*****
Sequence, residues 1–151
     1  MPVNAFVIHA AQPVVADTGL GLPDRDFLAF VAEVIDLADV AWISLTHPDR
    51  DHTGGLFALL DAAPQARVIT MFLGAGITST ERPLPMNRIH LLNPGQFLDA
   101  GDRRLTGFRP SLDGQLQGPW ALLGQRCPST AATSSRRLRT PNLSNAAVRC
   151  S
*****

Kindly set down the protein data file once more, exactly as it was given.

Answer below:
Sequence, residues 1–151
     1  MPVNAFVIHA AQPVVADTGL GLPDRDFLAF VAEVIDLADV AWISLTHPDR
    51  DHTGGLFALL DAAPQARVIT MFLGAGITST ERPLPMNRIH LLNPGQFLDA
   101  GDRRLTGFRP SLDGQLQGPW ALLGQRCPST AATSSRRLRT PNLSNAAVRC
   151  S